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Pneumothorax Imaging

  • Author: Fahad M Al-Hameed, MD, AmBIM, FCCP, FRCPC; Chief Editor: Eugene C Lin, MD  more...
 
Updated: Oct 04, 2015
 

Overview

Pneumothorax, the presence of air within the pleural space, is considered to be one of the most common forms of thoracic disease. It is classified as spontaneous (not caused by trauma), traumatic, or iatrogenic (see the images below).[1, 2, 3, 4]

A large, right-sided pneumothorax has occurred fro A large, right-sided pneumothorax has occurred from a rupture of a subpleural bleb.
A true pneumothorax line. Note that the visceral p A true pneumothorax line. Note that the visceral pleural line is observed clearly, with the absence of vascular marking beyond the pleural line.

Spontaneous pneumothorax may be either primary (occurring in persons without clinically or radiologically apparent lung disease) or secondary (in which lung disease is present and apparent). Most individuals with primary spontaneous pneumothorax (PSP) have unrecognized lung disease; many observations suggest that spontaneous pneumothorax often results from rupture of a subpleural bleb.

Traumatic pneumothorax is caused by penetrating or blunt trauma to the chest, with air entering the pleural space directly through the chest wall, through visceral pleural penetration, or through alveolar rupture resulting from sudden compression of the chest.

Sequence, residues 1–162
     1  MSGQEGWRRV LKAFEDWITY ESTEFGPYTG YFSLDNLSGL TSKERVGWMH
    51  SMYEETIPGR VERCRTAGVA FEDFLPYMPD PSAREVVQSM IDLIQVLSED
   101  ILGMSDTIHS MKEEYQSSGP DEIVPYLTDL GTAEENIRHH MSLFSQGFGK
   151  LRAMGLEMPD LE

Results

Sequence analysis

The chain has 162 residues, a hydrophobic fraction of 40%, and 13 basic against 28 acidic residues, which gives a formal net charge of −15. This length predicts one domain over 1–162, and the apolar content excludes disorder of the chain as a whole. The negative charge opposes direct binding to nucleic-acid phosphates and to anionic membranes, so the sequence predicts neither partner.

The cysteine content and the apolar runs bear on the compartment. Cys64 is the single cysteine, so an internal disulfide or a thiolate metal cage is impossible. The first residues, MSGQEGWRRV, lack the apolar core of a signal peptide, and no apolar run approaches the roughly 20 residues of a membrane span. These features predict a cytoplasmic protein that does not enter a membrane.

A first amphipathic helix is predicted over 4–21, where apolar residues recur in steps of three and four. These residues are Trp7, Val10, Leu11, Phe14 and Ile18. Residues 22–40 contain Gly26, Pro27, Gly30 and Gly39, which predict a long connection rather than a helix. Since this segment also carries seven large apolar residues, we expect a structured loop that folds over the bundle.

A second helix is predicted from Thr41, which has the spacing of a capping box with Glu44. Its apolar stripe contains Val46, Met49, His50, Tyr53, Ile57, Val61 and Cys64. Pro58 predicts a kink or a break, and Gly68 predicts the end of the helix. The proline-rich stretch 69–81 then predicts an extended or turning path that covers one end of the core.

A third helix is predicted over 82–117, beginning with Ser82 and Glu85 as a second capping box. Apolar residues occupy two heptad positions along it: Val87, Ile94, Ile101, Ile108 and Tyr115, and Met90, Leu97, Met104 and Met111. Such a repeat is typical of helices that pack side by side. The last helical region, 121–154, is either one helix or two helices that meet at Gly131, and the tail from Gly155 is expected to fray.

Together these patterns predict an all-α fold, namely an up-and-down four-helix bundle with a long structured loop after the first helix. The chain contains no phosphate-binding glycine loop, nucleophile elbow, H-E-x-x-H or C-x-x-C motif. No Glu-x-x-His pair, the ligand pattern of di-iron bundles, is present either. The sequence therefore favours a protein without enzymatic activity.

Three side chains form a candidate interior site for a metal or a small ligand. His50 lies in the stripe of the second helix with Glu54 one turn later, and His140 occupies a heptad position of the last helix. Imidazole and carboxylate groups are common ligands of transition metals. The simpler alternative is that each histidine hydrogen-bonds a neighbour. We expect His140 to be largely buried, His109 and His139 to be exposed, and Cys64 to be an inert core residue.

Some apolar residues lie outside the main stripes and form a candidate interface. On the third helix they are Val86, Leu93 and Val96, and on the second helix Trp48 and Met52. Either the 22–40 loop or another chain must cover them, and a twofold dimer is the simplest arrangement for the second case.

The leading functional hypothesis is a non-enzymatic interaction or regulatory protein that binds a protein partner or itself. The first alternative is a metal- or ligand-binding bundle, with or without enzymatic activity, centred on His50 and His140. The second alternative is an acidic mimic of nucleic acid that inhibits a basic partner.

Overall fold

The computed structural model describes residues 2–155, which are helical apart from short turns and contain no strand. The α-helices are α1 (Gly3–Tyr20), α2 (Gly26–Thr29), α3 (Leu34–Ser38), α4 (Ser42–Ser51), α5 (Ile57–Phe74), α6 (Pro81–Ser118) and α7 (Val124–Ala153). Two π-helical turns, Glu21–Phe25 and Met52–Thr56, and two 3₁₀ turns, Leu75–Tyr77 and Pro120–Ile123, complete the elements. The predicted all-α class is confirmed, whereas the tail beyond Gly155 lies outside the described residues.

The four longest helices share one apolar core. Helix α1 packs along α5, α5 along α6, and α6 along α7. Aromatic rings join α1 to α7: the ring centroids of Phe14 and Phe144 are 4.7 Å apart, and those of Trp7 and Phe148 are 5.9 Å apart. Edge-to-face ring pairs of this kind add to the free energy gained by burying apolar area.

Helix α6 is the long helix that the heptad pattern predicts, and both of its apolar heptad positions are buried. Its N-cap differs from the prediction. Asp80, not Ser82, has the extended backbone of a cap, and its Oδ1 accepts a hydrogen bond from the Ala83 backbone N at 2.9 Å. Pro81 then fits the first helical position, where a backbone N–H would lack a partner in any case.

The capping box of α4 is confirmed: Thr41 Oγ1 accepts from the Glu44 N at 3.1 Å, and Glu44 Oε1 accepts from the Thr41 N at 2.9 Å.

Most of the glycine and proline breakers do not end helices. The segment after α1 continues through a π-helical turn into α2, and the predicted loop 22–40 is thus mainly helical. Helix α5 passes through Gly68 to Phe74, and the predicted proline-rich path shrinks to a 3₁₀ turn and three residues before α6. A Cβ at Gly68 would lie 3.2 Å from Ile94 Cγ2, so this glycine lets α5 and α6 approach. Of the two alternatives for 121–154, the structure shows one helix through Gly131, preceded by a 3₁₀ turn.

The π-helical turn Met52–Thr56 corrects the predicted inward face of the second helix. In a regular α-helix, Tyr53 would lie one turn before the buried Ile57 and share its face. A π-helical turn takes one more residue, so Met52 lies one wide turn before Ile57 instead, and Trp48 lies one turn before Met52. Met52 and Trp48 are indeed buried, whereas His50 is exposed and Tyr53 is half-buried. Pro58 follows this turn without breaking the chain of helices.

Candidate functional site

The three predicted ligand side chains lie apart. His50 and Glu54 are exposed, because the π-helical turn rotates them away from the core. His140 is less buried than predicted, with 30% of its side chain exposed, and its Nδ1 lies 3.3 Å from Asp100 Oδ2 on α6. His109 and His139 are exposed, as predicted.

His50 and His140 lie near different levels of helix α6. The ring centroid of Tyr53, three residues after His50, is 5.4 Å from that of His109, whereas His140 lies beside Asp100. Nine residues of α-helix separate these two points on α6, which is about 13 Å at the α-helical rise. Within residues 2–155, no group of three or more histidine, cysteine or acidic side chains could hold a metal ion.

Iatronic pneumothorax results from a complication of a diagnostic or therapeutic intervention. With the increasing use of invasive diagnostic procedures, iatrogenic pneumothorax likely will become more common, although most cases are of little clinical significance.

Complications of pneumothorax

In most reported series, the rate of recurrence of spontaneous pneumothorax on the same side is as much as 30%; on the contralateral side, the rate of recurrence is approximately 10%.

Other complications include the following:

  • Reexpansion pulmonary edema
  • Bronchopleural fistula - Occurs in 3-5% of patients
  • Pneumomediastinum and pneumopericardium

Tension pneumothorax may occur after spontaneous pneumothorax, although it is more common after traumatic pneumothorax or with mechanical ventilation.

Preferred examination

Chest radiography is the first investigation performed to assess pneumothorax, because it is simple, inexpensive, rapid, and noninvasive; however, it is much less sensitive than chest computed tomography (CT) scanning in detecting blebs or bullae or a small pneumothorax.[5, 6, 7, 8, 9, 10, 11, 4, 12, 13]

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Radiography

The diagnosis of pneumothorax is established by demonstrating the outer margin of the visceral pleura (and lung), known as the pleural line, separated from the parietal pleura (and chest wall) by a lucent gas space devoid of pulmonary vessels. The pleural line appears in the image below).

A true pneumothorax line. Note that the visceral p A true pneumothorax line. Note that the visceral pleural line is observed clearly, with the absence of vascular marking beyond the pleural line.